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Wednesday, December 17, 2014
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Published: Sunday, 10/8/2006

A new man in Tokyo

JAPAN has a new prime minister, Shinzo Abe, who, as the leader of a country of 128 million with the world s second larg-est economy, automatically joins the big leagues of international affairs.

Mr. Abe, 52, has a hard act to follow in retiring prime minister Junichiro Koizumi, who not only engineered important chang-es in Japan during his tenure but also man-aged to stay in of?ce for ?ve-plus years, something of a record in modern Japan, a country with the habit of changing prime ministers every few years or less.

Mr. Koizumi was also probably the only Japanese prime minister since World War II who was instantly recognizable in the world media, partly because of his appear-ance and partly because of his personality. That probably had some value in Japan, and for Japan s heft in the world. Mr. Abe seems to be a more retiring soul.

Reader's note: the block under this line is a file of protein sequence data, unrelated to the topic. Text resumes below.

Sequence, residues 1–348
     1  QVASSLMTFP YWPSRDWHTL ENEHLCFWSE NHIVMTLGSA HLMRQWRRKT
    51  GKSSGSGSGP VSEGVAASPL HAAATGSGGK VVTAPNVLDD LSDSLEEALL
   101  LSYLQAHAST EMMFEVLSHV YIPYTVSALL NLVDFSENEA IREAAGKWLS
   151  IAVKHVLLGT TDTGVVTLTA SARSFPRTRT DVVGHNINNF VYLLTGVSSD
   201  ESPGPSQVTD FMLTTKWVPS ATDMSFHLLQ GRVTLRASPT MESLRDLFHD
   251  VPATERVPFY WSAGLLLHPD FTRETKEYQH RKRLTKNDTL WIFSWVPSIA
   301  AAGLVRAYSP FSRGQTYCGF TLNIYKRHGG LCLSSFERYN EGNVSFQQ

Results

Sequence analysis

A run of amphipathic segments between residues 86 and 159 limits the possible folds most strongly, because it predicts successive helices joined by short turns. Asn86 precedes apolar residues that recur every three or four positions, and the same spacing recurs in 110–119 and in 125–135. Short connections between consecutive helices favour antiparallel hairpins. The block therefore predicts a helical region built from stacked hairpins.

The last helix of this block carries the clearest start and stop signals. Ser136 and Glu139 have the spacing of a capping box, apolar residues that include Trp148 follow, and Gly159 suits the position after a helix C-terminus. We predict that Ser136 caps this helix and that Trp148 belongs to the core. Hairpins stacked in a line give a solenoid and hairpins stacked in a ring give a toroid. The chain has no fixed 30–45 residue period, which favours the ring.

Strangely enough to Americans, who are accustomed to choosing their primary po-litical leader in presidential elections, Mr. Abe, working in a parliamentary democ-racy like the United Kingdom, was chosen by his party, the ruling Liberal Democratic Party, to lead the party and the country.

Lest one have visions of a tea-room po-litical deal putting him where he is, Mr. Abe turns out to have impeccable credentials for Japan s prime ministership.

The highest priority issues facing him will be economic. Although Mr. Koizumi brought about substantial reforms, more are needed in Japan s still creaky industrial and ?nancial sectors if it is to continue to climb out of the economic doldrums some would say depression which characterized its situation in recent years.

On the international front, there is de?nitely patching up to do between Japan and its regional rivals, or allies, particu-larly China and the Koreas. One major chal-lenge: how to reconcile his own intention to strengthen Japan s defense with remaining on good terms with its neighbors.

Japanese military rearmament scares the daylights out of them. Mr. Abe needs the political support of those Japanese who liked the visits that previous prime minister Koizumi paid to the Yasukuni Shinto shrine to Japan s war dead, some of whom could be deemed war criminals.

So he has picked up a hard job. But it looks like he is up to it.



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